Welcome to the NavList Message Boards.


A Community Devoted to the Preservation and Practice of Celestial Navigation and Other Methods of Traditional Wayfinding

Compose Your Message

Add Images & Files
    Re: Curious star charts
    From: David Pike
    Date: 2020 Nov 18, 01:08 -0800

    I said: Of course, the figures on the left are hours and minutes.  If we were sure there wasn't too much missing between the ends we could find the period and hence the orbital height and speed.  Knowing the tilt as well, about 31 degrees, we might be able to identify which satellite we were supposed to be observing. 

    The only problem with that theory is that at around one hour 18 minutes orbit we'd need to start looking for a satellite orbiting about 350km below the Earth's surface.  Might there be a correction for Earth rotation built in to the figures?  The stars are too far away for it to matter, but the satellite won't be.  Come on you mathematicians; it's time to help out.  DaveP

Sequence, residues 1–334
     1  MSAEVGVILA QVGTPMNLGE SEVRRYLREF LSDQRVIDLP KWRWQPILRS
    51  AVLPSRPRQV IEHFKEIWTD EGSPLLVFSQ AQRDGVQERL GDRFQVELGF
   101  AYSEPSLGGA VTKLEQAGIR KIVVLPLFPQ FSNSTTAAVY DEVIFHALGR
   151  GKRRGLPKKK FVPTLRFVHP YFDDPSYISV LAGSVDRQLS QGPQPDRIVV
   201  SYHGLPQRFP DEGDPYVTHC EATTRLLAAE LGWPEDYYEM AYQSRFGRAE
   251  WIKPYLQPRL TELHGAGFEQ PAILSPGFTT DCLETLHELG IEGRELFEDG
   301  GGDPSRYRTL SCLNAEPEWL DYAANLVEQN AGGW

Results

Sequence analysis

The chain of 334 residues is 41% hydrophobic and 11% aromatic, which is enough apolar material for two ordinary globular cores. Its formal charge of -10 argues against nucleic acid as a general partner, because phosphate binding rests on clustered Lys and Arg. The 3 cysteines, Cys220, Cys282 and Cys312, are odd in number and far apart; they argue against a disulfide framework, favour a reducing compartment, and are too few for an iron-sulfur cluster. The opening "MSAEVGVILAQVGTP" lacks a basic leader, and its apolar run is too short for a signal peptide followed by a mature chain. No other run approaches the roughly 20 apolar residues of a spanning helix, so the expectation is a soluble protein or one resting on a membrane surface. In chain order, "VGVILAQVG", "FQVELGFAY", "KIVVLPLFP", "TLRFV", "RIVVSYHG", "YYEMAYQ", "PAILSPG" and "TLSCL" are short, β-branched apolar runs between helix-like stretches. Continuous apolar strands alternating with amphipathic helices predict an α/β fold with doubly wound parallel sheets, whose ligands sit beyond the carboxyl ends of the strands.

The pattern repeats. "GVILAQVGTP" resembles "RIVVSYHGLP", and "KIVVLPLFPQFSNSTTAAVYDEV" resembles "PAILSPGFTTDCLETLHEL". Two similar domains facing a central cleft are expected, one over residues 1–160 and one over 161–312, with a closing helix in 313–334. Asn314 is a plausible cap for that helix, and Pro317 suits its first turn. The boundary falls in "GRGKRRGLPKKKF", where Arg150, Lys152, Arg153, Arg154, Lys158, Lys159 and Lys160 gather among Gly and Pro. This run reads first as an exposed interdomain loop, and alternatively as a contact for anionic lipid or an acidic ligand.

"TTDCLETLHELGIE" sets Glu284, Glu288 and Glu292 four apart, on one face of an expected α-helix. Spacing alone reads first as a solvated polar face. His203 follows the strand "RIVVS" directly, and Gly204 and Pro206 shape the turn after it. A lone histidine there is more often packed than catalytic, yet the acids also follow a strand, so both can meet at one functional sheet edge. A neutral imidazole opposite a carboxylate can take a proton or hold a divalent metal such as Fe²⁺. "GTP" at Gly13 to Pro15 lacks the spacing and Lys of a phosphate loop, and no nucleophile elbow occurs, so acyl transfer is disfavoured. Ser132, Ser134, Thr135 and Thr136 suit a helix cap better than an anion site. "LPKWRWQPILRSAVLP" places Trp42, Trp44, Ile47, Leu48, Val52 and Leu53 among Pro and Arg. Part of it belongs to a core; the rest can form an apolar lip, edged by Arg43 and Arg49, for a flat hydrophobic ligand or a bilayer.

Browse Files

    Drop Files


    What is NavList?

    Join NavList

    (please, no nicknames or handles)
    Do you want to receive all group messages by email?
    Yes No

    You can also join by posting. Your first on-topic post automatically makes you a member.

    Posting Code

    Enter the email address associated with your NavList messages. Your posting code will be emailed to you immediately.

    Email Settings

    Posting Code:

    Custom Index

    Start date: (yyyymm dd)
    End date: (yyyymm dd)

    Visit this site
    Visit this site
    Visit this site
    Visit this site
    Visit this site
    Visit this site